“We noticed on that first trip that in the rural areas there were no doctors or clinics – no medical care at all. I knew about Cell Podium’s m-Health work and wondered if that were a service we could offer,” Dine recounted, calling the Dominican project “an opportunity for students to learn transcultural skills hands on.”
The company’s technology is a broadcasting system that delivers multimedia information and training to cell phones via multimedia messaging (MMS) regardless of the carrier or model of the phone, and without requiring access to the Internet or apps. The deployment of this system will enable video intercommunication between patients and health care workers.
“The technology is pretty unique. Our web application communicates through the Internet, bypassing the need for interoperability between telephone carriers,” said Matthew Cooper, a computer science graduate student at NJIT from Mountain Lakes who has worked at Cell Podium for the past two years. He traveled to the country in August with Dine, Jezewska and Marvin Castellon ‘14, a biomedical engineering major from Union City and graduate of the Honors College.
“My role was to aid in the technical aspects of creating cell-phone ready video and to perform a demonstration of Cell Podium's technology while we were there. We succeeded, sending one of the videos we developed to 25 local recipients,” Cooper noted.
In 2013, Dine and Bandera received a $10,000 grant from the International Foundation, a global development organization, to travel to the Dominican Republic to conduct a small pilot project involving a few dozen participants and a small clinic. The project has grown considerably since then. In July, Bandera and three Honors College students – Nikhil Kaushal ‘16, a biology major from Montgomery Township, Kevin Chen ‘16, a biology major from Wayne, and Pitambar Dayal ’16, a biomedical engineering major from Allenton, Pa. – met with their Dominican clinical and public health partners, including Hector Guerrero, M.D., director of the Ministry of Public Health for the region of the country hardest hit by the chikungunya epidemic.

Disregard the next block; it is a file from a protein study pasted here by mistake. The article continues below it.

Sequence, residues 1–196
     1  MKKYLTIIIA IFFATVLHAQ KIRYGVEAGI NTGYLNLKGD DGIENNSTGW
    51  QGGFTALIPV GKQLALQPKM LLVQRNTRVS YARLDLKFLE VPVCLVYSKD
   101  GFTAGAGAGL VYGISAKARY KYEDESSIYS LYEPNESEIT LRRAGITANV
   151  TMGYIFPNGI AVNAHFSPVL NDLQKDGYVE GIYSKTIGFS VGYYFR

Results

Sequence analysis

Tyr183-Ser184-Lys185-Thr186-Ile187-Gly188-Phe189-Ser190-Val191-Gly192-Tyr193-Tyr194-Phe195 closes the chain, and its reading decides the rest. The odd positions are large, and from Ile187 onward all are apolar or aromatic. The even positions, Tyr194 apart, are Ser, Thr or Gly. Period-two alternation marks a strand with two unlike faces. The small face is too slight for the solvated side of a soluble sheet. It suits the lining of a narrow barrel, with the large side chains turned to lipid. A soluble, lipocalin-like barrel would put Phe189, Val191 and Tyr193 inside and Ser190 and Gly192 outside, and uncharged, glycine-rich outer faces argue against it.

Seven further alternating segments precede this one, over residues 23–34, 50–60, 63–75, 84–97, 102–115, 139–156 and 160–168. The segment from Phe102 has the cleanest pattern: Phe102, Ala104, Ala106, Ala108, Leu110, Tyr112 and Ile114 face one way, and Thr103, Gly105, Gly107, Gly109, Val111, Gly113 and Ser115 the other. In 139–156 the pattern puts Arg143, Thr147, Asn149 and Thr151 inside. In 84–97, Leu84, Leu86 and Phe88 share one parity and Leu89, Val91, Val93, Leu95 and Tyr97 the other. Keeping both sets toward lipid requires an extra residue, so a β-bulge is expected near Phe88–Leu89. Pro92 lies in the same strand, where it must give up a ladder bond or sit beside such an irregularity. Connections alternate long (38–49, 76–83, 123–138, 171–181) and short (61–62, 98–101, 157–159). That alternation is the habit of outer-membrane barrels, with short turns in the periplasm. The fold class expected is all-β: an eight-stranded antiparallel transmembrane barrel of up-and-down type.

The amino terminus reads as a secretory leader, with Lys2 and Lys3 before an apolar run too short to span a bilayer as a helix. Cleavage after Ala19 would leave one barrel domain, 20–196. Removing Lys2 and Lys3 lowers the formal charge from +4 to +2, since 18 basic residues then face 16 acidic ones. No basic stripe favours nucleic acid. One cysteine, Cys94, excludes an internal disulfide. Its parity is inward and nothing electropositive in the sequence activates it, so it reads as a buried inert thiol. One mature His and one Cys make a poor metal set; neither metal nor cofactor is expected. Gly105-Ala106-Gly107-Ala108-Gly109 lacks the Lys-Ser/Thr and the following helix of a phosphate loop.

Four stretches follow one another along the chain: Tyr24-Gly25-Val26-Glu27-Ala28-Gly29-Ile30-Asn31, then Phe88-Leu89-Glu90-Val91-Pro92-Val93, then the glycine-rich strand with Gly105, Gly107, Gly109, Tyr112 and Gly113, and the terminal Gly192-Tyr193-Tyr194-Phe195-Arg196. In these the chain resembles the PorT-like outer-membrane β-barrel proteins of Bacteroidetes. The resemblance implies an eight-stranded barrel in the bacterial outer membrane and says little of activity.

Taking the Fight to Africa
“At that dinner, the pilot evolved into a nation-wide project that may involve as many as 500,000 Dominicans,” Bandera said, noting that the health ministry will make the patients’ health records available so the team can assess the effectiveness of the communications technology by tracking clinic visits and patient records. Upgrades to the MMS technology to cover the larger audience are supported by a $1 million grant Bandera and Cell Podium received from the Centers for Disease Control and Prevention (CDC).
Going forward, the team plans to expand to other countries, including Sierra Leone, where officials recently learned about the Dominican Republic project on a trip to the U.S. In early September, Khadija Sesay, director of the Sierra Leone Open Government Initiative, an information and communications agency, visited NJIT to discuss the deployment of MMS in her country to help stop the spread of the Ebola virus and to clear up misinformation about the epidemic that has led to ethnic violence in other countries.
Bandera noted of the development, “Collaborating with agencies in different countries, students learn to work in diverse political and social environments.”
T. Regan 10/14